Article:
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Medicare 101

Medicare vs. Medicaid | What Are the Differences?

Christian Worstell

by Christian Worstell | Published October 31, 2023 | Reviewed by John Krahnert

Medicare and Medicaid are both public health care programs, but the serve two very different purposes.

Medicare provides health insurance benefits mainly for people over age 65 or people with disabilities, while Medicaid helps provide health care services to people with limited incomes.

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Medicare Explained

Medicare is generally available to individuals who:

  • Are 65 or older
  • Have certain disabilities
  • Have amyotrophic lateral sclerosis (ALS, Lou Gehrig's disease)
  • Have End-Stage Renal Disease (kidney failure that requires a transplant or dialysis)

Original Medicare has two components: Part A and Part B.

  • Medicare Part A helps cover the costs of inpatient hospital care, skilled nursing facility care, hospice care and home health care.Most beneficiaries don’t pay a premium for Medicare Part A because they or their spouses paid enough Medicare taxes while working. However, for those who aren’t eligible for premium-free Part A, this coverage can still be purchased for a monthly premium.
  • Medicare Part B is Medicare’s medical insurance. It helps cover services from doctors or other health care providers. It also helps cover durable medical equipment (such as canes or wheelchairs), home health care and some preventive medical services.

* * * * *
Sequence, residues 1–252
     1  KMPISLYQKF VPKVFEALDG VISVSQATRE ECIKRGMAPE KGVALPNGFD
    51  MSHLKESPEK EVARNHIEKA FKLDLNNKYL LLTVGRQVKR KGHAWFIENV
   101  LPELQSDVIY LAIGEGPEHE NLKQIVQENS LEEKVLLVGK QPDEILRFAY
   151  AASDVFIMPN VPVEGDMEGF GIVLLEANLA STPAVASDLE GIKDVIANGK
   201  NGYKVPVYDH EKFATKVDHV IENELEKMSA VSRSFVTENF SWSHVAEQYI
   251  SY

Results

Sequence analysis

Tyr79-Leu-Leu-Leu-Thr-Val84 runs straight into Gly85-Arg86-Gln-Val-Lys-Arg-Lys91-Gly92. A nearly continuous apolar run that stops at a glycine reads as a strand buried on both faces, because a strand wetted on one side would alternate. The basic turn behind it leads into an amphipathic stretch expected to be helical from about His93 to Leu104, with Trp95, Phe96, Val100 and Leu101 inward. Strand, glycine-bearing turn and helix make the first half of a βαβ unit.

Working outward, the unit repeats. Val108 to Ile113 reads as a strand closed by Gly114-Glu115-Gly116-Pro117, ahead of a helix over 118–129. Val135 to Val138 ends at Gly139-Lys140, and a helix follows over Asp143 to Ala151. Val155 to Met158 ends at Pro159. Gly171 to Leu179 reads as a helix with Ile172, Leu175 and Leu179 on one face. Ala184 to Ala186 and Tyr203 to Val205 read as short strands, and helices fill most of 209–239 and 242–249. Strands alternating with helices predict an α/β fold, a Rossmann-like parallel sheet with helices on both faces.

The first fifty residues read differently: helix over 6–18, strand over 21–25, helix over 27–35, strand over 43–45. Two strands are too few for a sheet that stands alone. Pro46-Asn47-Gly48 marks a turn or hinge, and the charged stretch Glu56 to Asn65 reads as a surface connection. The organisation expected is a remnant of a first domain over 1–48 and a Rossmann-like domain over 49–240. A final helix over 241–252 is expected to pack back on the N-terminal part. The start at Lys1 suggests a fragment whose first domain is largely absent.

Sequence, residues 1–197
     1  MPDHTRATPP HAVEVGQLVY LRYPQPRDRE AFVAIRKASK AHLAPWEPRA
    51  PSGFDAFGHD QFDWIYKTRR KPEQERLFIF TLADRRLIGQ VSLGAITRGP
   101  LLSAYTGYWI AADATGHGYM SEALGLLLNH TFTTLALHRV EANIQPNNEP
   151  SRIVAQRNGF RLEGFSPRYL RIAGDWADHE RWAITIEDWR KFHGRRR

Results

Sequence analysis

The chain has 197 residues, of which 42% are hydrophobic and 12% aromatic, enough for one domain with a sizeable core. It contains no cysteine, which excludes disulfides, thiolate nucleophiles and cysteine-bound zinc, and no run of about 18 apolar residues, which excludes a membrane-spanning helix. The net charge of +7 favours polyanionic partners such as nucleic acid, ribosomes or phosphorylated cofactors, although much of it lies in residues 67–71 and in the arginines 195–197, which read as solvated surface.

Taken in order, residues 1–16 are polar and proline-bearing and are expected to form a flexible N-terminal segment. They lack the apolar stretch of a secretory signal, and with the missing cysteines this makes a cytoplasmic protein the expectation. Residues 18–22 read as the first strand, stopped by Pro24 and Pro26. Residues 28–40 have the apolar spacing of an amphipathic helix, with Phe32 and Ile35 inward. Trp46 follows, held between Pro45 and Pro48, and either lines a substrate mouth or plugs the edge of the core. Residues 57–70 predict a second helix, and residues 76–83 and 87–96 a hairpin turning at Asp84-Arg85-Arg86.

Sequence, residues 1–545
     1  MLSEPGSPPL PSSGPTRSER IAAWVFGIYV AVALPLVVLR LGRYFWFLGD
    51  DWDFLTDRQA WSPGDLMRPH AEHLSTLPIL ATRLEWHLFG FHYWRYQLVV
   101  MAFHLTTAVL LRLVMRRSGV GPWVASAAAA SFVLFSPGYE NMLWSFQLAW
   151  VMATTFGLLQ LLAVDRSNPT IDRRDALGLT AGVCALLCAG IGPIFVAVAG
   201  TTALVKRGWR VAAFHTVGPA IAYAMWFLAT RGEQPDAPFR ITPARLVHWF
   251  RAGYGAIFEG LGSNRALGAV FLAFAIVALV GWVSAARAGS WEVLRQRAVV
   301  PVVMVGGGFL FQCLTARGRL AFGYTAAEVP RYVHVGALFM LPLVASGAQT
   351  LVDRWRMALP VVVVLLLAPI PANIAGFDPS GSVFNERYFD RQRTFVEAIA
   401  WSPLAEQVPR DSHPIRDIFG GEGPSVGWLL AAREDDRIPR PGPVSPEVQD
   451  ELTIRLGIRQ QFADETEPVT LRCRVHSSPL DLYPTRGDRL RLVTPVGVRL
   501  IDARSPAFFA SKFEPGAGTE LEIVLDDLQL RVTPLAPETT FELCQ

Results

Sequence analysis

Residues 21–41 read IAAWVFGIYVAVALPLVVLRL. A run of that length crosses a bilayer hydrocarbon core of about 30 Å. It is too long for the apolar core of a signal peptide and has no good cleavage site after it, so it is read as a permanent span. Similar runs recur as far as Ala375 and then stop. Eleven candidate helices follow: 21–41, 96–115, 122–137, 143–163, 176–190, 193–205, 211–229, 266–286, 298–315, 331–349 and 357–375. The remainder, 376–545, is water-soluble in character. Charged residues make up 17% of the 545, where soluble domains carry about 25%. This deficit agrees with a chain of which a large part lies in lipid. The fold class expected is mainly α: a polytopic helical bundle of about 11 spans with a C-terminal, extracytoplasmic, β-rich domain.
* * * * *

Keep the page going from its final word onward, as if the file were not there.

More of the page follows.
The standard premium for Part B in 2024 is $174.70 per month, though it could be higher based the beneficiary’s income. Policyholders also typically pay 20% (coinsurance) of Medicare-approved services, after meeting the Part B deductible.

You may also be responsible for paying some other Medicare out-of-pocket costs, such as deductibles, copayments and other fees.

Medicaid Explained

Medicaid is a program that’s administered jointly by federal and state governments. You may be eligible for Medicaid if you meet certain financial and non-financial criteria.

Medicaid covers a variety of health care costs, including doctor visits, inpatient hospital care, mental health care, dental care and necessary medications.

To see whether you qualify in your state, contact your local or state Medicaid office, or visit the federal government’s Medicaid website.

What About Medicare and Medicaid Combined?

Some people may qualify for both Medicare and Medicaid, such as a senior on limited income. They are known as dual-eligible beneficiaries.

In that case, you’ll likely be able to obtain Medicare and full Medicaid coverage, and you may be able to have most of your health care costs paid for. Medicare pays its share first, then Medicaid steps in.

Either way, you’ll get crucial health care benefits from the federal government — helping to cover your health care costs and helping ensure you stay healthy.

Learn more about your Medicare coverage options with these featured articles:

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